One possible strategy is to attribute the estate’s income to the actual beneficiaries and have them declare the estate’s income to take advantage of their lower tax rate rather than the estate’s exposure. CRA does seem to find it acceptable administratively to allow the estate’s accountant to choose the best option between whether to tax income inside the estate or allocate it to the beneficiaries as long as certain basic rules are followed (which are too complicated to expand on here). When it is allocated to the beneficiary, the estate’s accountant must indicate that this is being done on the estate tax return and a tax income slip is issued to the beneficiary. However, this strategy is rarely taken for a number of reasons. Firstly, the first 36 months of an estate, the estate also has the graduated rates that we have indicated. So, unless a beneficiary has so little income that he or she has not used their personal tax credits, it is generally better to tax the income within the estate itself. There are even additional negative consequences of having the income declared by the beneficiaries. This flow-through income may very well affect the beneficiaries dependent claim. Further, all of the low income support that one potentially could receive such as the Ontario Trillium Benefit, GST Credit etc. or perhaps even disability support, such as under the ODSP maybe negatively be affected. Clearly, this is a very complicated question, and an accountant’s guidance is required. In conclusion generally, unless the estate has continued to drag on beyond its 36 months graduated tax rate period, one almost always taxes an estate income within itself and it is not generally allocated down to the beneficiaries during that time.

All of this is driven by CRA‘s administration rules which are generally observed for the smaller sized estate. For estates that are of significant value, one must tread carefully. As more senior CRA agents are generally involved, they administer the rules far more strictly.

One should also note that an estate does not enjoy a capital gains exemption for a principal residence, except in very limited circumstances that do not apply to most estates. The home that you have owned and lived in may have dramatically appreciated, but it is deemed to be tax free for you because of that capital gains principal residence exemption. The estate has no such shield from the open hands of the taxman.

Conclusion, this is complicated stuff and as lawyers, it is our job to simply alert you in broad strokes to those concerns and to emphasize to you the importance of having the input of a qualified accountant.

FIRST LAND TITLES DEALING PROBATE EXEMPTION

Date: 14 Jan, 2021

There is a highly exotic and often overlooked exemption to the necessity of probate in dealing with Real Estate.  It is formally known as the first dealings in land titles exemption.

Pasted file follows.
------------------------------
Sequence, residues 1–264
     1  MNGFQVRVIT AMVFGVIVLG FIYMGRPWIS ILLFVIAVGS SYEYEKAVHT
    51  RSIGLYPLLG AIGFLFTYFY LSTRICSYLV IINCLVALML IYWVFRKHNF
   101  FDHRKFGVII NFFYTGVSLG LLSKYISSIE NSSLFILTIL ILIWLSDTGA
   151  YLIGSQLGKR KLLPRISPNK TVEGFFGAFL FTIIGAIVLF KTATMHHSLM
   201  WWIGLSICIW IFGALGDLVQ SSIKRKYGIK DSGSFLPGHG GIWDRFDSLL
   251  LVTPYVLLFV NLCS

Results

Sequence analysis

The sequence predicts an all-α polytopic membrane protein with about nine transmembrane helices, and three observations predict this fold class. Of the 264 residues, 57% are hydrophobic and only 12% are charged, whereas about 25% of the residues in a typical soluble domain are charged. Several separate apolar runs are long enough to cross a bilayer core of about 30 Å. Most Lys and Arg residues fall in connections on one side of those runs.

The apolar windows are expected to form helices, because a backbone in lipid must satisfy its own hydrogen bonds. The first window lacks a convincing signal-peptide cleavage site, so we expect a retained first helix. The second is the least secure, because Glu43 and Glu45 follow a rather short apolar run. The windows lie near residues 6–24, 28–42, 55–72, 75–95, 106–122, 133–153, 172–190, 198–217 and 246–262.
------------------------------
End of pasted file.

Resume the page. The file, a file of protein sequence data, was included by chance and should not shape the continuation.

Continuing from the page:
When the British Government assumed control of what would become the Province of Ontario, it began a relatively rudimentary system of land registration and title.  That was eventually formalized under the Ontario Registry Act.  It was inexact and required examining in detail paper records that were always not in perfect order.  It was highly contentious and error prone. 

Following the lead of Australia, a Torrens system was put in place.  That Torrens system in which ownership records of all of the properties in the Province of Ontario are digitized and are registered in a central computer system.  They are governed by the Land Titles Act.  Slowly over the course of many years, all Real Estate in Ontario has by and large been moved from being controlled by the Registry Act to the Land Titles Act. 

The Province in the equivalent of a get out of jail free card, granted those properties that have not been “dealt” with or transferred after being converted from the Registry to the Land Titles system a waiver of probate. 

However, what the government giveth, the government taketh away.  Generally this is only effective if there are no other significant assets of the estate.  Further if the estate had any debts, including any income tax that is simply triggered by the death of the testator, then all that can be done is title can be transferred in the absence of probate from the deceased into the names of the executors.  The executors realistically cannot sell or transfer the property to a third party purchaser because the registration into the names of the executors will state it is subject to debts of the estate.  There are few purchasers that are prepared to buy a property and then assume the debts of an estate.  There are some practical solutions such as pre-paying the tax well before it is due and owing, but unfortunately for many estates this exemption is not the panacea that one would have hoped for. 

Moral of the story.  Make sure your lawyer investigates this possibility and its ramifications.

Will Instructions and Questionnaire

Date: 26 Oct, 2020

Here is our will instructions and questionnaire. This is an excellent starting point in the process of you understanding what the documents entail and the information we need.

HOW TO CANCEL OR REVOKE A WILL

Date: 22 Oct, 2020

The law with respect to Wills is largely set out in The Succession Law Reform Act.  Ontario is a strict compliance jurisdiction, meaning that for a Will and many other steps associated with it to be valid, one must strictly comply with all of the provisions of the law. 

This is in contrast with other jurisdictions such as British Columbia in which a near miss may very well score. 

Cancelling or revoking a Will may only be done in accordance with Section 15 of The Succession Law Reform Act.  There are only a few ways that this can be done and they are quite limited.